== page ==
Learning Addictive Patterns

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I was curious to know which topics you might want me to speak about in my next podcasts. My poll on Facebook resulted in different requests. One of your requests was anxiety. Another one was addictions.

The latter one is a much more complex topic. I might need to preface, that I am not an addiction councillor. One way in which I can speak to the topic of addiction is in how far it has touched me personally. Another way is to share my understanding of the origin of addictive behaviour. I grew up with a close family member who was an alcoholic and thus have experienced how destructive and challenging an addiction is for the entire family. I was also at one point in my life in a relationship with a man who had an alcohol problem, until I realized that we cannot help somebody who is not ready to change. I had to make the self-loving choice to get out of that relationship.

I believe it is important not to downplay addiction, no matter how socially acceptable the substance or activity somebody engages with in an addictive way is. I believe that as parents, grandparents and educators we can make a huge difference for the next generation if we understand how addictions begin. Making sure that children do not learn addictive patterns of behaviour is as important as teaching them their ABC’s or math skills. What can we do to address addictions? Let’s explore why addictive energy shows up.

We need to begin with a definition of addiction. Recognizing addiction can be quite intuitive and you might feel that you will recognize an addiction when you see it, but in order to discus the topic we need to come to an agreement as to what qualifies as an addiction. An addiction can be defined as “something to which we have a strong predilection for and have little control over our actions in relation to the desire” (Dr. Alexandra Katehakis). We may find that a lot of our time is spent either engaging in the addictive behaviour itself, or in preparation for the experience of it. Unlike other things which we enjoy a lot, an addiction can have a certain component of secrecy and also shame connected to it. This is especially true when the behaviour we are engaging in is at odds with our own personal value system. Denial might also be part of the addiction.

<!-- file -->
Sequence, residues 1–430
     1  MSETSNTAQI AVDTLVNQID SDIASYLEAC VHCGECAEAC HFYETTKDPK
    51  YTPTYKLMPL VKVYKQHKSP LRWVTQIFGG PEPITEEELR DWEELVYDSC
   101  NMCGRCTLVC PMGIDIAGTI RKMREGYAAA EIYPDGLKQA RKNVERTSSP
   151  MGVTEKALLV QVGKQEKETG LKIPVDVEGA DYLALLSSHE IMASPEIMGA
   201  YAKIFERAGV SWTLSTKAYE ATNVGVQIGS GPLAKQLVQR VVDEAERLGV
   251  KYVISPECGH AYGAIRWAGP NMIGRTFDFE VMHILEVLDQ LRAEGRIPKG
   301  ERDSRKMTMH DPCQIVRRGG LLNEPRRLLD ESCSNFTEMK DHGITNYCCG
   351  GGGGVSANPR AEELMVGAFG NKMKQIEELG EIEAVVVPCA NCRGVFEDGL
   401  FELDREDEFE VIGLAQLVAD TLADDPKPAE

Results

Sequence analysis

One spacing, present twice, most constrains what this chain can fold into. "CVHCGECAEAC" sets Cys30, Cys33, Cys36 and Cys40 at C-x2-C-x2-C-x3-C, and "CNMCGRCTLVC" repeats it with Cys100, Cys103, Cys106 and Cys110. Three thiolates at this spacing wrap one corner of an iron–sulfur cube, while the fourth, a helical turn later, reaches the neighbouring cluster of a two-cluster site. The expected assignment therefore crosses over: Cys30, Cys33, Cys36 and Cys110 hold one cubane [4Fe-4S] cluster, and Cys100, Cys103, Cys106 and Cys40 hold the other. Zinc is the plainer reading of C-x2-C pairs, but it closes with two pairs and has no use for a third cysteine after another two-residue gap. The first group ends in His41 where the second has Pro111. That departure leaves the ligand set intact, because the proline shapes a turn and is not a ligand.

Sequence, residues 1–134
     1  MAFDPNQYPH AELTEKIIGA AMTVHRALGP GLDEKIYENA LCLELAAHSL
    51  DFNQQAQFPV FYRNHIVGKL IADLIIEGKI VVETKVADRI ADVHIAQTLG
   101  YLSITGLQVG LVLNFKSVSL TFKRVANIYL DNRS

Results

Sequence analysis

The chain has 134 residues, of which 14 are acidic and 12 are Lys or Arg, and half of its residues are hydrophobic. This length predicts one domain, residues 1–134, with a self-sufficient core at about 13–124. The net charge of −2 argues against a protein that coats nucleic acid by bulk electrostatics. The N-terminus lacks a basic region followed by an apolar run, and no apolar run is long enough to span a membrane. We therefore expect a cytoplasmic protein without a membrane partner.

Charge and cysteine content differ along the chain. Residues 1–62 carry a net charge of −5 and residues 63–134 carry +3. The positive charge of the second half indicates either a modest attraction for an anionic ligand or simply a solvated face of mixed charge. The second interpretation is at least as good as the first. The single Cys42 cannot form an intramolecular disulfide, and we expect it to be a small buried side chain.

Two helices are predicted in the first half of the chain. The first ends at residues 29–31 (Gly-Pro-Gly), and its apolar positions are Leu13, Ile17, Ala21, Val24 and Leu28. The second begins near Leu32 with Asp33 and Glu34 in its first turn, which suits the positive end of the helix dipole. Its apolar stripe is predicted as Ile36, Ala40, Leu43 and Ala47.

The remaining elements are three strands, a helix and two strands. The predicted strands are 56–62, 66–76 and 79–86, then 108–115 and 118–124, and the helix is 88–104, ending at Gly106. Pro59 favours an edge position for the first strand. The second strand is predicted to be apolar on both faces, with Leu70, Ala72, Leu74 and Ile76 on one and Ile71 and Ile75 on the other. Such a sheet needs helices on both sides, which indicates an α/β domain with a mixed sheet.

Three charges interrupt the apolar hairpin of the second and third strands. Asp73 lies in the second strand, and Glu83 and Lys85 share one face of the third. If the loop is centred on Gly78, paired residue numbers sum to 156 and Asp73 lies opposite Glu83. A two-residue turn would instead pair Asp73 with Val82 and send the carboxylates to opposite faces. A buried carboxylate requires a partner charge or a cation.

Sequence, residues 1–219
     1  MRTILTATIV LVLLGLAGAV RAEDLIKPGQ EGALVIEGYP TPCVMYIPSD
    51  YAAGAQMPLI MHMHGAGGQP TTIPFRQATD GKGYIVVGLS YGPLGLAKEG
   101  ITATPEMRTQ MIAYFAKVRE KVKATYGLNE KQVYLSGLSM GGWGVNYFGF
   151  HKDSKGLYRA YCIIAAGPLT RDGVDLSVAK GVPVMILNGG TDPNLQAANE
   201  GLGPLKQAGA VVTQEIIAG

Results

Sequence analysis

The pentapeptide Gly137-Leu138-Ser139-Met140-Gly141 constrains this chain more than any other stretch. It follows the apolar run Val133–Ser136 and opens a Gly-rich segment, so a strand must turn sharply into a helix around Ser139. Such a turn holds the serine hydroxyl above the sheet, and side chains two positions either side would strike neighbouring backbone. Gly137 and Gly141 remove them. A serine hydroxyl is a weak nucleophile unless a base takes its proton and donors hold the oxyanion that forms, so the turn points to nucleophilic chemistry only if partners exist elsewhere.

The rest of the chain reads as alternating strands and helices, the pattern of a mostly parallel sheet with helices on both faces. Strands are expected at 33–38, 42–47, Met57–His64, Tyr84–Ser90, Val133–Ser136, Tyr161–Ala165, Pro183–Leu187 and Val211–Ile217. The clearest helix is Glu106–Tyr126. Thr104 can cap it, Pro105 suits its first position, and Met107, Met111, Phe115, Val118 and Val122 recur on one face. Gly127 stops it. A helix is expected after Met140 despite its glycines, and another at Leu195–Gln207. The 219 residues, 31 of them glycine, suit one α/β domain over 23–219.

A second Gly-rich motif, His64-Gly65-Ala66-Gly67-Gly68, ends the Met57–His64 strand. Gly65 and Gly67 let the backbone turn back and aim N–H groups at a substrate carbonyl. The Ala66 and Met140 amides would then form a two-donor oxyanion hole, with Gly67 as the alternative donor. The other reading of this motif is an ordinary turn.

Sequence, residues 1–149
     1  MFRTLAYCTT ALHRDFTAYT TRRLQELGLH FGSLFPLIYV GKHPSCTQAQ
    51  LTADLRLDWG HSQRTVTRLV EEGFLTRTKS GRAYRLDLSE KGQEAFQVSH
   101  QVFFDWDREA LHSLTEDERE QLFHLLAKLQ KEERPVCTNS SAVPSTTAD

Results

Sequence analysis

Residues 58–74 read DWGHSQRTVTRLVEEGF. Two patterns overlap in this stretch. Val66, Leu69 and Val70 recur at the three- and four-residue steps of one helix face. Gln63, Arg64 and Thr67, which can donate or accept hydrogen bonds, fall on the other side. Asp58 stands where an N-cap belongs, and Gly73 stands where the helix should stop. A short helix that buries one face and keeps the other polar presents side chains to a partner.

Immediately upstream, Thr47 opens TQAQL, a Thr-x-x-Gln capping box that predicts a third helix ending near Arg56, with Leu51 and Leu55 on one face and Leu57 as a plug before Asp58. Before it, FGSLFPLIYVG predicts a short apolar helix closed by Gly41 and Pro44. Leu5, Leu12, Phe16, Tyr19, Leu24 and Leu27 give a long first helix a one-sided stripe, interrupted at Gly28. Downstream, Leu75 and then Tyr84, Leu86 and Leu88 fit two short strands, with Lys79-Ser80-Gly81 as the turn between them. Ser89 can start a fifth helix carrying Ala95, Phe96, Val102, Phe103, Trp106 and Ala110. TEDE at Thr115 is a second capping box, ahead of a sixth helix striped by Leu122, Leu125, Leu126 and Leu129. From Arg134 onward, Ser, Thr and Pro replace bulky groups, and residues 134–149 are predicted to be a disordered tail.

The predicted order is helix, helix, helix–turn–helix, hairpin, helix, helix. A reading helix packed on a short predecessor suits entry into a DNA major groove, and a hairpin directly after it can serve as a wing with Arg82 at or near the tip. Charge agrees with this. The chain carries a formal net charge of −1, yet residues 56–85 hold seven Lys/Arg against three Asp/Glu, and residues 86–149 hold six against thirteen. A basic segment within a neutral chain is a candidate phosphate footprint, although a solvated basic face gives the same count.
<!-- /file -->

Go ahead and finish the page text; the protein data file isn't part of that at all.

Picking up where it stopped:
Most people think of drinking or taking drugs when they hear the term addiction. However, there is a long list of addictive behaviours we engage in. Just a few examples of those behaviours are addictive eating, depending on alcohol, smoking cigarettes or marijuana, taking drugs or medications, addiction to sex or pornography, engaging in workaholic behaviour, addictive exercising or working out, gambling, compulsive shopping and overspending, addictive consummation of TV, video games or other electronics, obsessive engagement in social media and much more.

Why do we interact in an addictive way with certain substances or activities? What is going on with these behaviours?

These are all short-term coping mechanisms to distract ourselves from unpleasant emotional states. We have been conditioned to respond to emotional pain, sadness, overwhelm, stress and other uncomfortable emotions by eating, drinking, smoking, or distracting ourselves with any of the other above mentioned activities. Even nervous habits like nail biting, lip biting or twirling hair are subconscious attempts to deal with unpleasant emotions. They have become our pacifiers.

Short-term, these activities might feel like they give us some relief, calm or comfort us, but we have not addressed the real problems by engaging in these behaviours. We have taken our emotions and pushed them down with food, alcohol, drugs and we have distracted ourselves from acknowledging and feeling them.

Every emotion gives us feedback about unmet needs or another situation which needs to be addressed. When we are, for example, experiencing sadness or grief, it’s because we are feeling a loss. We need to process that loss. If we are feeling anxiety or fear, we need to take action steps to explore this and achieve greater safety. If we are feeling that something is unfair, it is a call to “make fair” or forgive and let go. If we are feeling anger, we need to investigate what more vulnerable feelings are underneath anger and need to be addressed.